Both Bustamante and his mother changed their opinions on what to do several times.
“And then just as I was about to decline my offer at the school, she changed her mind and said, ‘You have to go,’” he told me. “I ended up doing it for her, really.”
Bustamante, a former student of Abreu’s who’s now a junior at St. Lawrence University, where he’s double-majoring in math and economics, ultimately figured it was worth at least trying to land a job crunching numbers for a nonprofit, or calculating risk for an insurance company. But when I canvassed students currently finishing up the electrical installation track at his alma mater, they were less focused on the college-versus-job question than whether they wanted to work below ground or in a more traditional office setting.
Haw Wunna Zaw, a student at Queens Tech, says that even if a construction worker makes as much money as a doctor, they don’t earn as much respect in American society.
Haw Wunna Zaw, a 16-year-old born of immigrant parents, applied to roughly the same number of vocational and traditional high schools. His mom was a PhD candidate and his father went to military school in Burma, and, when we met, Haw said he hoped to work for the MTA after graduation while taking college classes at night. He added he’d received no pressure from his parents to choose university over going straight to work, something he attributed to the fact that, where they come from, there’s an immense pressure to go to college after high school. They just want him to be happy.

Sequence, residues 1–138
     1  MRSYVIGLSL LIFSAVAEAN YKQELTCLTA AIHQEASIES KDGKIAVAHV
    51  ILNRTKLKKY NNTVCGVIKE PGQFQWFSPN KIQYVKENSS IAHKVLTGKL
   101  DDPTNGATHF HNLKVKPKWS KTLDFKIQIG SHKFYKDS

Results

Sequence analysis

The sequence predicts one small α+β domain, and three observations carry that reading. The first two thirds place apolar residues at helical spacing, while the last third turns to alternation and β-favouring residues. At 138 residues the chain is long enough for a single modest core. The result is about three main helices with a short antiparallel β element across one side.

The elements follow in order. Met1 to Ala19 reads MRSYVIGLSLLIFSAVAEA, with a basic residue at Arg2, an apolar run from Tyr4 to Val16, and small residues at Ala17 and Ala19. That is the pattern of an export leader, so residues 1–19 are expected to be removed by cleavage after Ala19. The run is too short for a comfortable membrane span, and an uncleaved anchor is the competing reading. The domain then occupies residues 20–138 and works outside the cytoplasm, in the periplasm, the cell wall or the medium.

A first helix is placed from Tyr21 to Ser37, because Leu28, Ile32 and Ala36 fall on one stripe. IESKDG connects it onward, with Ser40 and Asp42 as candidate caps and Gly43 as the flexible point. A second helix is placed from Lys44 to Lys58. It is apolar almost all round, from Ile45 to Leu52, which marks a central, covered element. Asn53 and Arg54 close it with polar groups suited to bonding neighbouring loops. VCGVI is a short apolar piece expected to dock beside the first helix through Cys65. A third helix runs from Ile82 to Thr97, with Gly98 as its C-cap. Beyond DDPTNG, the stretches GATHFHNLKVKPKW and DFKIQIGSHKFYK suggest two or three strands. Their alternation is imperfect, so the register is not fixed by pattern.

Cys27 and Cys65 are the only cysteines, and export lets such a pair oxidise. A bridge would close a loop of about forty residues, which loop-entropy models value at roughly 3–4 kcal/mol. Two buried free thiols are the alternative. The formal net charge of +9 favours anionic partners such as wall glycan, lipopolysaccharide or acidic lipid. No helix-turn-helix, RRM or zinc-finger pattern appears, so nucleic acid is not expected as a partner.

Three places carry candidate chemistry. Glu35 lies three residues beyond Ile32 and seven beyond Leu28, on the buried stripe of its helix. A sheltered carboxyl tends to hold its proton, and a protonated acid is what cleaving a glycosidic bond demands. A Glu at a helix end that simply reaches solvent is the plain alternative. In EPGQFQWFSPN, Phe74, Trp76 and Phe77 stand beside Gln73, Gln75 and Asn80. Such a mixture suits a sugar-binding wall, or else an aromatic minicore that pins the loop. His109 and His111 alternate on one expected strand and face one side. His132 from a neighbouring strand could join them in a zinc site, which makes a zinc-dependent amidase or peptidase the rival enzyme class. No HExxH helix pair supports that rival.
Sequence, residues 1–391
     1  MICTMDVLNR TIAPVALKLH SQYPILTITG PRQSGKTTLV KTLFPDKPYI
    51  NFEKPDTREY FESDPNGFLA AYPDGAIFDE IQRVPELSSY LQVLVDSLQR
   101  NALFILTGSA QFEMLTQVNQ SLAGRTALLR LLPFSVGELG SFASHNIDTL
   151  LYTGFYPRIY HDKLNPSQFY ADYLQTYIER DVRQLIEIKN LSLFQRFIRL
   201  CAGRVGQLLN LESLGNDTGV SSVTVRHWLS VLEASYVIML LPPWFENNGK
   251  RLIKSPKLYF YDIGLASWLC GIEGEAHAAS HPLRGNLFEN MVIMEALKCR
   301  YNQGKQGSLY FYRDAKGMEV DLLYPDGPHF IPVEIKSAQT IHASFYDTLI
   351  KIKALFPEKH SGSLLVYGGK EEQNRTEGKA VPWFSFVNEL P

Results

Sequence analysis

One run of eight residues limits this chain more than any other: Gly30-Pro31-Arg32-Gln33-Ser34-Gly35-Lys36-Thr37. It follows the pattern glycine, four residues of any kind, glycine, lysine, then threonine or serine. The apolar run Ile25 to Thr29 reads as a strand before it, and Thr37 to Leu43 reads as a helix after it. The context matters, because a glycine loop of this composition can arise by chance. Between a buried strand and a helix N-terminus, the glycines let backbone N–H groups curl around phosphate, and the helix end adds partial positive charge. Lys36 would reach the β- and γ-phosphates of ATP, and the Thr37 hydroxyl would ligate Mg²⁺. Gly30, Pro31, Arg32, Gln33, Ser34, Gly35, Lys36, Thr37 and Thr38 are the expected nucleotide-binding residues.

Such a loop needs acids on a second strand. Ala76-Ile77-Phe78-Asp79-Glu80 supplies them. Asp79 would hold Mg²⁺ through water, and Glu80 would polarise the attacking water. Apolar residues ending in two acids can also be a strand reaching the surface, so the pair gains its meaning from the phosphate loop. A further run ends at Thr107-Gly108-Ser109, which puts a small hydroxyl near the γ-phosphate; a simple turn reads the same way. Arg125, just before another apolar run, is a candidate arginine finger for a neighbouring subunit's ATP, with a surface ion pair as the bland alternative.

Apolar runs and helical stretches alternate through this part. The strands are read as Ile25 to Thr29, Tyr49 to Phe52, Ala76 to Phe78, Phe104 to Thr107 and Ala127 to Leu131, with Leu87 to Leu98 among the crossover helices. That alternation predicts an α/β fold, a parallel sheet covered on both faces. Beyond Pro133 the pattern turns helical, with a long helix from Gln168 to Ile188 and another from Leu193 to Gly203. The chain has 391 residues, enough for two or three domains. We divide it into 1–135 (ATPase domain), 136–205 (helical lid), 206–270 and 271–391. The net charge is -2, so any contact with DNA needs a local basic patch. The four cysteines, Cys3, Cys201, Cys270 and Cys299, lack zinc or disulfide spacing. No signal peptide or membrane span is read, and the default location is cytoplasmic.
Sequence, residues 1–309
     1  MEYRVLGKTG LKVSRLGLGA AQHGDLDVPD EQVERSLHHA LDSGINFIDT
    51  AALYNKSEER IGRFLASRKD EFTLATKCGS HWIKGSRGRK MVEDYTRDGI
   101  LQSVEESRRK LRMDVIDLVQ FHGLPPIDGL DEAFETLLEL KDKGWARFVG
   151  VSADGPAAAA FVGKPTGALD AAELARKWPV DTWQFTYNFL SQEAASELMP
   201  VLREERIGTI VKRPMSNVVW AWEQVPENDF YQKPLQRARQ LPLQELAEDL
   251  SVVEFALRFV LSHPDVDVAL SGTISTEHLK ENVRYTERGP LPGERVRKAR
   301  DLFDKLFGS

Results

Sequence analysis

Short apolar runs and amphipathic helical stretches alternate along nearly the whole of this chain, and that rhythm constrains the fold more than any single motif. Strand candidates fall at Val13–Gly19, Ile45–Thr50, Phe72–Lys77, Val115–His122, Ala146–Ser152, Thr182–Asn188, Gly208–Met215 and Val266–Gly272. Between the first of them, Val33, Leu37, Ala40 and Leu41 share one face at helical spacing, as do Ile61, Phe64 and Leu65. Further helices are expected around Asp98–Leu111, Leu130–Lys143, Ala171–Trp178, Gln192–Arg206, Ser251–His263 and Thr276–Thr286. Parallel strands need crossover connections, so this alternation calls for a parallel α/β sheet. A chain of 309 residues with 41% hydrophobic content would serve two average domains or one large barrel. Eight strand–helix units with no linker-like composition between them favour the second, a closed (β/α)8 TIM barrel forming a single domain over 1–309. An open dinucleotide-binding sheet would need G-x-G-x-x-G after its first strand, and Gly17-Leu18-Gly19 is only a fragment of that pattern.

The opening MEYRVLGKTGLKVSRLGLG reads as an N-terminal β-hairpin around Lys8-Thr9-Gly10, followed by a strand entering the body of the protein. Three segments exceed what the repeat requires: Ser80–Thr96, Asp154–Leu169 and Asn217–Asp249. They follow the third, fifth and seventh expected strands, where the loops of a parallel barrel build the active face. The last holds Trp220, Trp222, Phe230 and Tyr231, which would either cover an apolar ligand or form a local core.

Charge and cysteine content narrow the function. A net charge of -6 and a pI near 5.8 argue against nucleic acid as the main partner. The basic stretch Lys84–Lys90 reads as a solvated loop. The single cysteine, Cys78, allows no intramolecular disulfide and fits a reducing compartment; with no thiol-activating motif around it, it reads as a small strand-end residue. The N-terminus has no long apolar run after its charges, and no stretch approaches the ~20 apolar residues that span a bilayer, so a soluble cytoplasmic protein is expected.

Still, he seemed to understand jobs in the trades had lost clout in American society. As union membership has declined, old-school patronage has broken down, and tech companies have disrupted industry after industry, fixing escalators for a living is less sexy than ever.
“If you’re a doctor, people admire you and you have the glory,” he told me. “If you’re a construction worker, you may get paid the same as a doctor, but you don’t look as good.”
Meanwhile, Brigitte Barcos, the 17-year-old who stuck out her tongue in class, originally applied with her best friend to Queens Tech, where the two planned on studying cosmetology together. The friend didn’t get in, and Barcos didn’t end up liking the track she was on. Then she found herself unexpectedly passionate about tinkering with circuits, planning to pursue electrical engineering any way she could. For her, that didn’t necessarily mean college and a degree that might help her become a supervisor for other people getting their hands dirty, rather than dirtying her own. Besides, she hadn’t bought into the once ironclad notion that college was a path to financial solvency.
“As union membership has declined, old-school patronage has broken down, and tech companies have disrupted industry after industry, fixing escalators for a living is less sexy than ever.”